|Liu, Cheng Kung|
Submitted to: Journal of Natural Fibers
Publication Type: Peer Reviewed Journal
Publication Acceptance Date: 4/10/2007
Publication Date: 8/4/2008
Citation: Liu, L.S., Jin, Z.T., Liu, C., Hicks, K.B., Mohanty, A.K., Bhardwaj, R., Misra, M. 2008. A preliminary study on edible, antimicrobial extruded films made from pectin and other food hydrocolloids. Journal of Natural Fibers. 5(4):366-382.
Interpretive Summary: Millions of pounds of potentially valuable pectin are present in the low-valued pulp and peel generated yearly by the U.S. beet sugar and fruit juice industries. However, only a negligible amount of pectin is extracted and marketed in the U.S., due to it's limited commercial markets. Finding new uses for this biodegradable polysaccharide is critical for the long term economic viability of U.S sugar beet and citrus agribusinesses. In this study, we made pectin composite films by extrusion with other edible hydrocolloids, such as poly(ethylene oxide). We also incorporated a food-grade antimicrobial compound into the film during extrusion and then used those films to package food products. The new composite films have a wide range of textural characteristics that can be used to alter the mouth feel of packed foods. The composite films resist spoilage and the growth of a dangerous food pathogen, Listeria monocytogenes, because of the presence of the food-grade antimicrobial compound. Thus, the composite films can function as novel antimicrobial food packaging/coating materials. The research and development of such materials will help to develop new markets for pectin and eventually create new uses and value for sugar beet and citrus byproducts.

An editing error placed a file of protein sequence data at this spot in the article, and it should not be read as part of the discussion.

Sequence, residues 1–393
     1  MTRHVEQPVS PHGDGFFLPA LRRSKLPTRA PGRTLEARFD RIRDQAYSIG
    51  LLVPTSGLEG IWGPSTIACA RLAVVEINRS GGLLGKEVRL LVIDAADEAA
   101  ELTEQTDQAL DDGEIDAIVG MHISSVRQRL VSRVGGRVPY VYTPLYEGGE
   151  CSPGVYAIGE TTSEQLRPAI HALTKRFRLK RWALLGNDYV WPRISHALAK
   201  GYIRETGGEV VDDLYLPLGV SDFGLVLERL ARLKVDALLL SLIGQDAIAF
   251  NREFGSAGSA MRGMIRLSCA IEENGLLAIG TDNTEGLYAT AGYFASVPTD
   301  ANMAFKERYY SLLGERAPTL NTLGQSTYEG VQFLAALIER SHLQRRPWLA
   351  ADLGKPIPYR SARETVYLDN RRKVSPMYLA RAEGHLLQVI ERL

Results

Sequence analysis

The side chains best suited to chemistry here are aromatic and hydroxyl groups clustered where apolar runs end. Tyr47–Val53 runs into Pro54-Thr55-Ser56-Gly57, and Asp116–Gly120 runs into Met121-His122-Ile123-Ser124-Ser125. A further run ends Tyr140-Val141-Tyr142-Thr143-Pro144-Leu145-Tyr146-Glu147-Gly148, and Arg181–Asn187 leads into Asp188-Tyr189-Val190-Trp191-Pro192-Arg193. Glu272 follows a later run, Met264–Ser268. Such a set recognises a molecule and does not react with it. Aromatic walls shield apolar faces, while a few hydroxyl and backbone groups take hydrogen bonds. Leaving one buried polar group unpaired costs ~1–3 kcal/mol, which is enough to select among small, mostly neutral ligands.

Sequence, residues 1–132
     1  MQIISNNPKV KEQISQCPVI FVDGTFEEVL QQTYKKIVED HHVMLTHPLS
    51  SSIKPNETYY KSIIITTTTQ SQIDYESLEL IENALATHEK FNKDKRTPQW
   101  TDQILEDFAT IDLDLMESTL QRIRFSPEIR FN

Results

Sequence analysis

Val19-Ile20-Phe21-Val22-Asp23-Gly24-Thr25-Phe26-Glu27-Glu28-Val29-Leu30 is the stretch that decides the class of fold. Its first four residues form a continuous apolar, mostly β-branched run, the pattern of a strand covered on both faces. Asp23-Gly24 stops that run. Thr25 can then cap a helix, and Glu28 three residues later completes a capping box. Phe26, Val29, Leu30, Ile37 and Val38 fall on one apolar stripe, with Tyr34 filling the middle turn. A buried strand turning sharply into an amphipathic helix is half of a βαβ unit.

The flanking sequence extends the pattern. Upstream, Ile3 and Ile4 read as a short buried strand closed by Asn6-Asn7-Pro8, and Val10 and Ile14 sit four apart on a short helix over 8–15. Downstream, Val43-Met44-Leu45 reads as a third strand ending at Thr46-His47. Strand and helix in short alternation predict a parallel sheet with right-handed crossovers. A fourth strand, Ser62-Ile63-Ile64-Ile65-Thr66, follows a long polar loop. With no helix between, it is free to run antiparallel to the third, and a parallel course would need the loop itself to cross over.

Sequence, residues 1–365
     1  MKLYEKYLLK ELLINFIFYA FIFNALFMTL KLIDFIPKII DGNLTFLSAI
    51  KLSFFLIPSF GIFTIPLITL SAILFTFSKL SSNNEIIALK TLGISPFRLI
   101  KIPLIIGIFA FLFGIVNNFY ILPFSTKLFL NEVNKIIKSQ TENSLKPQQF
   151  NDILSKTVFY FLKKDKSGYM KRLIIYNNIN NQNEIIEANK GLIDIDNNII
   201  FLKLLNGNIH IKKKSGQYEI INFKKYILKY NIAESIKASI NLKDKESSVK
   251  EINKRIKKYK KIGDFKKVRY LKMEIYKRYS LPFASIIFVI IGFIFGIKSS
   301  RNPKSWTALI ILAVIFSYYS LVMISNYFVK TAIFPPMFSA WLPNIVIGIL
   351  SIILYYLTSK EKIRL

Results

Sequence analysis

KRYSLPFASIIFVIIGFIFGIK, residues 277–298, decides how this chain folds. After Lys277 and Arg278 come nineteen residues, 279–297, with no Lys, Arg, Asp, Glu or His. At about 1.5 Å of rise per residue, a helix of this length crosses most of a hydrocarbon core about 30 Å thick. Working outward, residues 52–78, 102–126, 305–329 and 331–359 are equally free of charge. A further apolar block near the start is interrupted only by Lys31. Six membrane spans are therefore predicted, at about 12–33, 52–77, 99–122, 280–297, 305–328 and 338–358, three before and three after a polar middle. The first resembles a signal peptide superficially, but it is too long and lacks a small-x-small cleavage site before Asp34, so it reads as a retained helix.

Technical Abstract: Antimicrobial edible films were prepared from the natural fibers, pectin and other food hydrocolloids e. g., poly(ethylene oxide), for food packaging or wrapping by extrusion followed by the compression or the blown film method. Microscopic analysis revealed extruded pellets with well-mixed integrated structures made of evenly distributed synthetic hydrocolloids in the biopolymers. The resultant composite films possess the mechanical properties that are comparable to films cast from most natural hydrocolloids that are consumed as foods or ingredients in processed foods. The inclusion of poly(ethylene oxide) alters the texture of the resultant composite film and therefore, demonstrates a new technique for the modification of film properties. The composite films were produced during mild processing conditions, thus, the films protect the bioactivity of an incorporated bacteriocin, nisin, as shown by the inhibition of Listeria monocytogenes bacterial growth.